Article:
Manitoba Telecom Services Inc. is redoubling efforts to find a buyer for its MTS Allstream division by hiring Morgan Stanley to drum up foreign interest, especially from the United States, after attempts to find a Canadian suitor fizzled.MTS was working with investment bankers from CIBC as it considered options for Allstream. Its decision to retain Morgan Stanley as well gives more international heft to its search for a potential purchaser outside Canada, said people familiar with the situation.
Its ramped-up search comes at a time when Ottawa plans to eliminate foreign investment restrictions for small telecom companies that have a revenue market share of 10 per cent or less. The new rules, which are included in the federal budget bill, will take effect once that legislation receives royal assent – likely this month.
Winnipeg-based MTS is said to be in no rush to sell Allstream and there is no full-fledged auction planned. Although some analysts have suggested Allstream could fetch between $800-million and $900-million , sources familiar with the assets said most potential buyers value it at a much lower price, probably at $400-million or less. Allstream is believed to be seeking considerably more than $500-million in a sale.
Some analysts, though, suggest a sale of the division could still be years away, noting that Allstream has failed to generate significant interest at home.
Globalive Wireless Management Corp. held discussions with MTS for much of 2011, but those talks ended in November, sources say. Moreover, Rogers Communications Inc., Telus Corp., BCE Inc. and Shaw Communications Inc. have all taken a pass on Allstream.
Still, the recent takeover offer for Q9 Networks Inc. by an investor group led by BCE has “reinvigorated” efforts to sell Allstream – which, sources say, has effectively been up for sale since MTS conducted an extensive strategic review in 2006. MTS had acquired Allstream, formerly known as AT&T Canada, in a deal worth $1.7-billion in 2004, with high hopes of shaking up the telecom market.
Allstream, which offers telecom services to medium-sized and large Canadian businesses, has a national network that includes some 30,000 kilometres of fibre concentrated in large cities, and can reach about 60 per cent of corporate Canada.
Potential suitors are attracted to the company’s vast fibre network but don’t want to pay for its legacy telecom assets in a larger deal. “It’s a messy deal if you don’t want all of the assets,” said one source. About 70 per cent of Allstream’s revenue comes from services such as long-distance calling.
Nonetheless, Allstream is seen as an asset that’s in transition, with president Dean Prevost viewed as a star who is doing the right things to turn the division around. During its most recent quarter, Allstream’s EBITDA margin was 14.6 per cent – an improvement from previous quarters. (EBITDA represents earnings before interest, taxes, depreciation and amortization.) Moreover, Allstream is investing in its network and connecting hundreds of new buildings each year. When that period of high capital expenditure is over, and the company is reaping the benefits of new customers, margins are expected to improve.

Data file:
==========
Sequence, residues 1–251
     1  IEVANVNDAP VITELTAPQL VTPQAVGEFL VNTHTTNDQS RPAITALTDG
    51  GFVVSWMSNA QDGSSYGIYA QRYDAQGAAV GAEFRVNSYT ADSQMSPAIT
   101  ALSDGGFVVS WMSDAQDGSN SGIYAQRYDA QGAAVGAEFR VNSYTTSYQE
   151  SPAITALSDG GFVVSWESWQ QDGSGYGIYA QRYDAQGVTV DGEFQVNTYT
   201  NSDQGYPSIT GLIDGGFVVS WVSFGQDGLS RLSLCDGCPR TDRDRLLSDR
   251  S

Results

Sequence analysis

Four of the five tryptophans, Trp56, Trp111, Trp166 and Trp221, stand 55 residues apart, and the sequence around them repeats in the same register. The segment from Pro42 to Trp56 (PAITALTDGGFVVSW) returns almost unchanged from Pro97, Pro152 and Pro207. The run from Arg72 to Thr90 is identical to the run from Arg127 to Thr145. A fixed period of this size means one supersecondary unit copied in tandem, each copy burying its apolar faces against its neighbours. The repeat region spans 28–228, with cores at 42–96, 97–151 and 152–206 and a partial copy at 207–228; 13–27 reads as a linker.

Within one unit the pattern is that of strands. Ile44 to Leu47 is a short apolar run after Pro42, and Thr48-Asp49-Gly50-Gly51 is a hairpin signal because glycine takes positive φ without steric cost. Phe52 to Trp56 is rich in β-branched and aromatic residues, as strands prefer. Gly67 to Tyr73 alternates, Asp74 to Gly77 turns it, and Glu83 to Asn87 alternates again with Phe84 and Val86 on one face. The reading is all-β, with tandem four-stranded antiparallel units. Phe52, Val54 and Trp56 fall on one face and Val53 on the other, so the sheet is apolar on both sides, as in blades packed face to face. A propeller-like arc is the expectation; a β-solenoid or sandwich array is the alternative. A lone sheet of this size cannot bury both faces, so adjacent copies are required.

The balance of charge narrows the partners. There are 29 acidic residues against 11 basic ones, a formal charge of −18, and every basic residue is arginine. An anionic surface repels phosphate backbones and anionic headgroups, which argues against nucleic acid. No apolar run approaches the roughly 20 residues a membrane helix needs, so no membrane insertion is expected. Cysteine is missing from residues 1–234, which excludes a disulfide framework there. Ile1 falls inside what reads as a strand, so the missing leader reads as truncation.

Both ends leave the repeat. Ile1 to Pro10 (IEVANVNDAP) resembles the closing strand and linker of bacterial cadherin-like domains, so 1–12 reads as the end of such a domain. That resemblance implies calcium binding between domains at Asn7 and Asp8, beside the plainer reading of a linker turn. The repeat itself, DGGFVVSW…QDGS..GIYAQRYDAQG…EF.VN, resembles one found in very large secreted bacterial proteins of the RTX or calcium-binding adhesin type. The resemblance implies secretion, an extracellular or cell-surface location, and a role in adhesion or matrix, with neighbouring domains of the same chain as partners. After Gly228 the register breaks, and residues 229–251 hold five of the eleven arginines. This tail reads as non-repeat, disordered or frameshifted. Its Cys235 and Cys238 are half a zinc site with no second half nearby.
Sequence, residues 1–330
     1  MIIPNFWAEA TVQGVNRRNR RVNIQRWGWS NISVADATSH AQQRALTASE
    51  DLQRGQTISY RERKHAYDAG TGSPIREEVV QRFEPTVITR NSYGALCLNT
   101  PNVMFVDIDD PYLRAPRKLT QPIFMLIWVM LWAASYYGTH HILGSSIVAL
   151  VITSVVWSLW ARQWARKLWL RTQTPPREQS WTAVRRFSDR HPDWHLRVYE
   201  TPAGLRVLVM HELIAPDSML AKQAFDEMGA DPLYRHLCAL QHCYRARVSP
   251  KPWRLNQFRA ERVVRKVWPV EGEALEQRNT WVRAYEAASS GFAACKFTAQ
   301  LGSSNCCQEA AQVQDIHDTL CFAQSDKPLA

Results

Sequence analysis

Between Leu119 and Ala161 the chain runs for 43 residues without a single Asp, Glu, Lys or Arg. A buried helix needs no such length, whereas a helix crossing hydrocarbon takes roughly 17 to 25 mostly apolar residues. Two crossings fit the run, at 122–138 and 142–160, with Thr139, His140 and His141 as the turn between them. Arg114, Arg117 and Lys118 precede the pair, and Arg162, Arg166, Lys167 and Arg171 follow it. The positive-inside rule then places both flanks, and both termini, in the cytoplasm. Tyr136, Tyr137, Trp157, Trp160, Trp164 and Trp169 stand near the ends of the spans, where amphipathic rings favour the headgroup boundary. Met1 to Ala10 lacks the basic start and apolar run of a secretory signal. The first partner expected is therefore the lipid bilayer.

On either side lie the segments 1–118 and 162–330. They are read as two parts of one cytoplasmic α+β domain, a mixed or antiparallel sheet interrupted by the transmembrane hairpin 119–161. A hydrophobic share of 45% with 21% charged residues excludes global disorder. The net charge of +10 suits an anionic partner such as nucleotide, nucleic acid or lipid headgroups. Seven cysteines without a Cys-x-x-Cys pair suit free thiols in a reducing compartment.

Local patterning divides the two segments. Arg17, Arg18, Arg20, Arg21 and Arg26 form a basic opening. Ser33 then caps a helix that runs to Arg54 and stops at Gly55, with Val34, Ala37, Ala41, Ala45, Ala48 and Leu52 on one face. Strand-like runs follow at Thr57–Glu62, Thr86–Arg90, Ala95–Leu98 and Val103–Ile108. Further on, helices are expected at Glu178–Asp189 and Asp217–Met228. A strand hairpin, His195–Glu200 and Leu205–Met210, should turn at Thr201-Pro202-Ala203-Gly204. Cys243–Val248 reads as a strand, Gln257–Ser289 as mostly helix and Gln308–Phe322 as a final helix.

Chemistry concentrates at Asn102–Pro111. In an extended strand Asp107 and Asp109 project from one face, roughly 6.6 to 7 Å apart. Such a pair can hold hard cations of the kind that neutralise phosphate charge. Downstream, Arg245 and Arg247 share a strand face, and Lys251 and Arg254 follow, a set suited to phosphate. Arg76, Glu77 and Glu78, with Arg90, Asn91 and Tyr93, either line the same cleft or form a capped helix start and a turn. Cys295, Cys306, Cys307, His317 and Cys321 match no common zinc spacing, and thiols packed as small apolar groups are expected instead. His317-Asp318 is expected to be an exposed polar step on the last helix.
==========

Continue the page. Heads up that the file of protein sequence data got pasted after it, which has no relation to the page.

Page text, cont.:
“We want to continue the growth of Allstream, and that means investment in its network,” said chief corporate officer Chris PeirceÖ. “There could be a range of ways someone would be interested in investing in a business like Allstream.”
Beyond an outright takeover, the options could include strategic partnerships, finding additional investors or tapping foreign risk capital.
There has been some suggestion that large U.S. telcos, particularly those with business clients that have Canadian operations, could be interested in Allstream once the new foreign investment rules take effect. Currently, those providers lease space on Canadian networks to ensure their services are available here.
AT&T, however, is considered by some analysts to be an unlikely bidder, since it lost money on the asset through a minority interest in the past. It remains unclear whether Verizon Communications Inc. would be interested.
“Allstream claims to have about 10 per cent or so of market share of the enterprise market, so it hardly gives you any scale if you are a foreigner,” said Dvai Ghose, an analyst with Canaccord Genuity. “The enterprise market in Canada is still dominated by Bell and Telus in their respective regions.”